Even after all this time I hear statements like “Oh, we can just run our code in the cloud”. This is the core of the lift and shift school of cloud usage.
And these people are perfectly correct; they can just run their stuff in the cloud. But it won’t work so well.
I’ve previously written about lift and shift issues, but here I want to focus on the “resiliency” issue. People get annoyed when I point out that their design is unreliable and subject to failure modes.
“Oh but the cloud is reliable!” they cry. “Major companies like Netflix and even Amazon themselves never go down.”
If only it was that simple…
In a traditional datacenter environment a lot of work has been put in place to make underlying infrastructure reliable. We spend lots of money trying to get to that mythical “five nines” reliability. We build clusters of servers and use VMware vmotion to migrate workloads around the cluster to allow for nodes to be taken down for management. We dual connect machines to independent network switches. Similarly for SAN fabrics. And, on top of all that, we then duplicate all this in another datacenter and configure our application stacks for HA (e.g. Oracle data replication, global load balancing).
This is expensive to build, and hard to maintain. And very easy to get wrong. Who here has not been stuck on a “DR Failover” call where the DR component hasn’t started up properly because testing has assumed clean shutdown of primary… something that doesn’t happen in a real failure.
No wonder people want to move to the cloud; it’s so much more reliable! Except…
The cloud is not reliable
If you look at SLAs from major Cloud Service Providers (CSPs) then you’ll see they talk about a service SLA. Let’s take Amazon EC2 as an example:
The Service Commitment does not apply […] that result from failures of individual instances or volumes not attributable to Region Unavailability
Basically, Amazon provide a “four nines” SLA for a region, and not for individual running instances.
Your CSP running instance is probably less reliable than the VM you run in house. Maintenance likely isn’t going to happen on your schedule!
Plan for failure
This is a core requirement for moving to the cloud. If you want to get cloudy infrastructure to be as resilient as your on-premise stuff then you need to build solutions that match the existing patterns and designs. You may no longer have the ability to do things like VMotion, so how will you take instances down for patching? You will need to replicate databases, even cross region. You’ll still have requirements for DR testing, and this will be even more important, because of the lower underlying resiliency.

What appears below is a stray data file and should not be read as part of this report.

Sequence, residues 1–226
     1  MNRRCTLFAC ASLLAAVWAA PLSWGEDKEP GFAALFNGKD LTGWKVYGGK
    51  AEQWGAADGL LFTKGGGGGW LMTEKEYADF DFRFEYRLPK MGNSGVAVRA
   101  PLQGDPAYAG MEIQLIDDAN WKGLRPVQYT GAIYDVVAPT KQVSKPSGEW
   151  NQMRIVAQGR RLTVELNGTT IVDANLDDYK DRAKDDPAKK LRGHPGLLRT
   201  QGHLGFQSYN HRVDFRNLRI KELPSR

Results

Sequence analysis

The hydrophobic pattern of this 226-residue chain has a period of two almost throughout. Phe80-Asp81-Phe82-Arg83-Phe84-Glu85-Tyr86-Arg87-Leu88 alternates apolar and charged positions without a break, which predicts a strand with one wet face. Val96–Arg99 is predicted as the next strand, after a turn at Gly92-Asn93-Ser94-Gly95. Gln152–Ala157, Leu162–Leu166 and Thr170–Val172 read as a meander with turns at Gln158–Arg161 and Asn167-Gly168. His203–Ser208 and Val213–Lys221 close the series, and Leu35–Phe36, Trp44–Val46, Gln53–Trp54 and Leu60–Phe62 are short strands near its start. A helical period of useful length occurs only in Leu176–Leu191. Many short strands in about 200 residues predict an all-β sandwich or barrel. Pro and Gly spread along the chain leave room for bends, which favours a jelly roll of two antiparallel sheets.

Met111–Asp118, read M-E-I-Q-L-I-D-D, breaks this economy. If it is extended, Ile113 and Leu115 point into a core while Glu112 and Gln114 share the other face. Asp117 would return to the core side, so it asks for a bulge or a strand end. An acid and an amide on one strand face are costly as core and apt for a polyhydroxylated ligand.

So now you have more VMs, more data transit charges, more headaches… this cloud lark isn’t looking so friendly now, is it?
Or you can look at how companies like Netflix actually get their reliability; their application assumes failure.
This turns the existing reliability model on its head; instead of having four-nines infrastructure that the app can rely on (and so mostly ignore), assume we have three-nines (or even two-nines!) and the application has to make up the difference.
Developers now take on the majority of the resiliency requirements. There’s a whole new set of programming patterns that need to be used; keeping state externalised, using a circuit break pattern, providing service state visibility… Tooling such as Netflix Hysterix can help with this.
Both approaches are possible; each have their pros and cons, challenges and costs.
You can make friends with the cloud. It requires thinking about. An application redesign host a lot of up-front costs but can lead to long term benefits. A lift-and-shift approach is simpler but can bring in a lot of legacy processes and procedures (“ugh, another broken DR failover!”).
Whatever you do, though, you can’t ignore resiliency and reliability in the cloud; you don’t get it “out of the box”. Done properly, however, then the cloud can start to work for you, and you’ll be best of friends and never want to work with traditional methods ever again!